Family has been a prominent theme in black music since its genesis. If matriarchs loom large in many of the masterworks that inspire Gregory Porter, then he is emphatic about the role played by one of his own siblings in his artistic life, as well as the emotional mountain he then had to scale as a result of their tragic demise.
“The death of my brother was profound and strong and painful,” he says slowly and commandingly. “And I use music, in particular, as a salve and a balm for this pain. I needed to hear the simplicity and straightforwardness and optimism of No Love Dying to think about him. And what it means to not have him in my life anymore.
They used to say to Maxwell, ‘Give us another Hang Suite – be thatguy again’. And in response he’d say, ‘No, I already did that: try this instead. If you don’t like it, no worries, we’ll catch you next time’. And now Hang Suite is by no means the best Maxwell album there is.
In the same way, Curtis Harding has also become a master of the unexpected. At the core of his art there’ll always be the church music he grew up on – thanks to his mum, with whom travelled and sang gospel all over the place – and there’ll be the soul of such as Al Green, Ronnie Dyson and Bobby Womack, the blues of Albert King, even the hip-hop his sister played to him as a teenager. But on top of all that, just like any true slop guy, he’ll sometimes slide in a little indie-rock, a touch of Prince, maybe a twist of country or a spoonful of psychedelia. It’s all about how he feels at the time and – just like Maxwell – you really have no idea where he’ll go next until you hear it.
That’s just the way Curtis likes it.
According to names.org it means ‘awesome’ in Hindi. Elsewhere on Google there are claims for ‘philosopher’, ‘careful’ and ‘beautiful’. Yet if you ask band co-founder James Berkeley whence the name ‘Yakul’ actually derives, he’ll grin and quote you a Studio Ghibli anime character from Princess Mononoke: a deer-like spirit animal, something akin to a red elk crossed with a reindeer, but with the horns of an ibex.
As far as Echoes readers are concerned, though, Yakul is, more pertinently, the name of a four-piece neo-soul/jazz/rock outfit from Brighton whose occasional releases over the last couple of years have now culminated in their debut album, Rise Indigo, ahead of an eight-date November UK tour that takes them up and down the country as headliners.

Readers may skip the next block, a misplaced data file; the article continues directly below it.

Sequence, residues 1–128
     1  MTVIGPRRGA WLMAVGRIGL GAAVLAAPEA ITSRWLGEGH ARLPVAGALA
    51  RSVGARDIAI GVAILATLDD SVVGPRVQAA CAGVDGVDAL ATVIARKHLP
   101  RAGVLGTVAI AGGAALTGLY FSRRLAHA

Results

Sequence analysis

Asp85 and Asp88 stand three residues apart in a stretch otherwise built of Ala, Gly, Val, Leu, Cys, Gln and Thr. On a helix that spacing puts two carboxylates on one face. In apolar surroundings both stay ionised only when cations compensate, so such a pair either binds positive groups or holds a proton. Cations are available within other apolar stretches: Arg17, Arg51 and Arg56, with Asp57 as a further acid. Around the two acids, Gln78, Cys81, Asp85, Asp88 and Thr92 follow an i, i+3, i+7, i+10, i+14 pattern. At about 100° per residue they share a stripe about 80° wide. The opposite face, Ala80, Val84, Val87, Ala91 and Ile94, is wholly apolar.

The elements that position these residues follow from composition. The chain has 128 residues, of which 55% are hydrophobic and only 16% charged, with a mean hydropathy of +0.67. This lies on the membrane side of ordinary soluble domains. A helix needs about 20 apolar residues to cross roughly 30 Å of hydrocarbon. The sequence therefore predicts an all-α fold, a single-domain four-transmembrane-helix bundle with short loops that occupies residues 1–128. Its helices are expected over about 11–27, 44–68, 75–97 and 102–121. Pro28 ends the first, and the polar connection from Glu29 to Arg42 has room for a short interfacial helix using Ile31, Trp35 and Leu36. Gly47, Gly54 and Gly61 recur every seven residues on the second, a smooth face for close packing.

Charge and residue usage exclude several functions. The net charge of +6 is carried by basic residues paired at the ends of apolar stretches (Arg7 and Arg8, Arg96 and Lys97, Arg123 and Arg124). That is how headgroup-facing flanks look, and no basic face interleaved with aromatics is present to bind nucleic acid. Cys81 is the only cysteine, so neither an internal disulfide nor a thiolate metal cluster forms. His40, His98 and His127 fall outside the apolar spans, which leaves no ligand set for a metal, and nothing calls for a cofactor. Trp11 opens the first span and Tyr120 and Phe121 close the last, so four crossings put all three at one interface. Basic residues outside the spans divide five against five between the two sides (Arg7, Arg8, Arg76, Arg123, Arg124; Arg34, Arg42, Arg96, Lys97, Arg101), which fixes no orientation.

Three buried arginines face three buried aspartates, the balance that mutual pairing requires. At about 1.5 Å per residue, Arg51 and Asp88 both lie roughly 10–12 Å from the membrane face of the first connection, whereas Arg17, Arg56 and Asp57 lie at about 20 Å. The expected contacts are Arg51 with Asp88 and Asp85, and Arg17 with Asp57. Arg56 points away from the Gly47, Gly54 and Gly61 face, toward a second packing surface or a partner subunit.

This writer first became aware of Yakul – alongside keysman/vocalist Berkeley there’s Tom Caldwell-Nichols [bass], Leo Utton [guitar] and Sam Hughes [drums] – back in the summer of 2019, when Incognito leader Bluey Maunick told us the story of how James had worked with him on a track for singer Abi Flynn…
It’s a sign of the times that an articulate, relatively young and presentable singer of conscious songs, with global touring experience and a rich musical pedigree, should be passed over by a major reggae label in favour of others chasing YouTube, Instagram and streaming figures, but who lack stage presence and struggle to break out of their own limited market. Instead, mainstream America is treated to an ageing, yet hardworking dancehall siren dressed in cast-off, Funkadelic finery and who’s currently more renowned within the genre for having flashed her private parts on stage than a string of coast-to-coast television appearances shared with the world’s two biggest dancehall acts.
Here in Europe, the majority of reggae fans aren’t having any of it, choosing instead to enjoy the wealth of talent coming from countries like France, Germany, Spain and the Netherlands – and not just artists either, but also producers, musicians, record labels, sound systems, festival organisers, writers, filmmakers… the list is endless. It’s been like that for years of course and whilst UK reggae is but a shadow of its former self, green shoots will surely appear, even in this blighted, post-Brexit landscape.
In Jamaica meanwhile, leading figures from the last wave of roots and culture artists have come under increased scrutiny after signing to corporate labels and releasing music that sounds as if it’s pandering to American audiences, rather than those closer to home.
“Yes, and that’s because they are doing what they wanted to do in the first place,” says Xana Romeo, daughter of seventies legend Max Romeo…